I walked in late to the jam-packed session “Bringing Gender to the Streets: Young Women Amidst the Arab Uprisings” at AWID Forum 2012. There was standing room only, and I sidled my way in between interpreter booths. Though I missed the first speaker from Yemen, the session was still searing; this blog Dispatches from AWID 2012: Arab spring becomes a chill for women, but the organizing continues gives the lowdown.

This was not a session about technology or the internet, but it was a common strand running through each presenters’ activism and evidence-building for women’s rights, even and perhaps especially in the midst of revolution. And with the Arab Revolution experiences that these amazing activists shared, the importance of making public spaces our own – including the internet – was clearly vital.

“Sexual harassment is a tool used against female activists and women in the street,” insisted Engy Ghozlan, co-founder of Egypt’s Harassmap”:http://www.harassmap.org . “There was a message that was constantly sent out to women, a message of state sexual harassment and even assault – if you are in the square and you are a female you are a prostitute and if you are a male you are a thug.” That’s why Harassmap volunteers and others organised “to protect the square – not men protecting women.”

Taking the streets

“After the revolution, people’s relationship with the street changed – people felt closer to the streets”, she said.

Engy shared more about Harrassmap and how volunteers are taking anti-street harassment organising “off the map” in an interview with me after the session.

“When we first launched Harassmap in 2011, we did not know how many reports we would be getting. In one year we got almost 1000 reports, which does not reflect the actual cases of sexual harassment that happens in the street. When we asked the police how many reports they got during the year, they got 30! We discovered that people used SMS more than online.”

Still, SMS submissions have a cost, and though the initiative has incorporated a short phone number to make it easy to dial in, they aim to make reporting as accessible as possible too. “We are a volunteer initiative, we couldn’t do TV ads or go to each and every house, so people knew about us from online. Now more people know about us, and we hope reporting can happen via free texts. We also hope to have voice recording and women would be able to leave a message, this would help illiterate women who cannot type.”

Given the history of mobile phone company interference in Egyptian activism, I asked if they’ve looked to support from telcos to aid increased reporting. “We did try to talk to Vodaphone and others – the problem is that this is a taboo subject. If they are going to do something like this it has to be part of their corporate social responsibility. They would rather give to a drug hotline or an orphanage or something that would make the community go, ‘Aww, that’s nice.’ ”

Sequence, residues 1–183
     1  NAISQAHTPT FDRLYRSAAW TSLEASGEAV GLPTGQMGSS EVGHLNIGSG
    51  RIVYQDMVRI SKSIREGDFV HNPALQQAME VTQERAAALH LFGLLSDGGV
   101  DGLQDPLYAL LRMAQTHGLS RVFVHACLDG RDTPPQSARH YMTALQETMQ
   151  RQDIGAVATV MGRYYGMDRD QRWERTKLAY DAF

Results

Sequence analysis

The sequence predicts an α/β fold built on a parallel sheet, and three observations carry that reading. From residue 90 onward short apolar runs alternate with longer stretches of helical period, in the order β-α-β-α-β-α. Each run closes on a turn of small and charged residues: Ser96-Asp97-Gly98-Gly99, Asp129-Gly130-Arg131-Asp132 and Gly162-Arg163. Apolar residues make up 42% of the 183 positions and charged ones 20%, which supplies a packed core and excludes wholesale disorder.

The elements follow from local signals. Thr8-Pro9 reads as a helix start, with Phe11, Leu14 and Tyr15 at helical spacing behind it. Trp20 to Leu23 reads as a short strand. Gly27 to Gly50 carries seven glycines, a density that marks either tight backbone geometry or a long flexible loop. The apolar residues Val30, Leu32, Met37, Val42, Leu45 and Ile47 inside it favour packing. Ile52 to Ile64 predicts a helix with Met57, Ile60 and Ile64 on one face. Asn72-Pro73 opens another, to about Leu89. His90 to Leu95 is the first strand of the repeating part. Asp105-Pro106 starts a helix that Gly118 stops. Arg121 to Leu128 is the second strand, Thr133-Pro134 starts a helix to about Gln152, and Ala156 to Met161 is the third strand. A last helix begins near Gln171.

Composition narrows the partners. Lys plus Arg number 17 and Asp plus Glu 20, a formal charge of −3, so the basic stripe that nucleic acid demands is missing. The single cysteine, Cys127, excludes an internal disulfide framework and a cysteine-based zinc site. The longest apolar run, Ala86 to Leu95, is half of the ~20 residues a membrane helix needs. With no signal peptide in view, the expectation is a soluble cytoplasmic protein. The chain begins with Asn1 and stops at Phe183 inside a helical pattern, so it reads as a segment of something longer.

Reports – and now volunteer organising – come in from all over Egypt: “It showed us a lot about the geography of each government, and how sexual harassment shapes according to the nature of the government or city or village. The harassment was almost everywhere, North, South, East – everywhere – we got reports.”

“When we started we wanted to encourage girls to tell us exactly what happens, knowing they would be safe, and that the reports would be kept anonymous. We wanted to provide the safety for women with a platform so that they would actually tell their stories and we could understand more and have user-generated data that can help us.”

It happens every day

And the stories on the map bely claims that street harassment can’t be that bad. As one report starts out “I was too scared to talk about harassment but when I read these reports I think I gathered more guts to speak up.” Engy wasn’t kidding when she said the map doesn’t reflect the reality, studies show that 8 out of 10 Egyptian women cite experiencing harassment – and half of them say it happens every day .

Yemen also has a street harassment map initiative and when a trusted newspaper published that 90% of all Yemeni women experience harassment they were tweeted into retracting when (men) said they were publishing false, unreliable data. In defiance, one tweet stated “I challenge any man who denies this to wear an abaya and cover his face and go to the markets and universities or on buses in Yemen… and after that he can come and dispute the percentage.” (Twitter analysis at http://globalvoicesonline.org/2012/05/06/yemen-have-90-of-women-been-sub…)

Engy continues, “When we first started, we thought, the more areas that we get reports from, the hot spots, we will target with street awareness. But then we thought no, because we got reports from everywhere, and we thought that we should not just target areas where we got high reports from, we should be everywhere. So we started asking for volunteers.”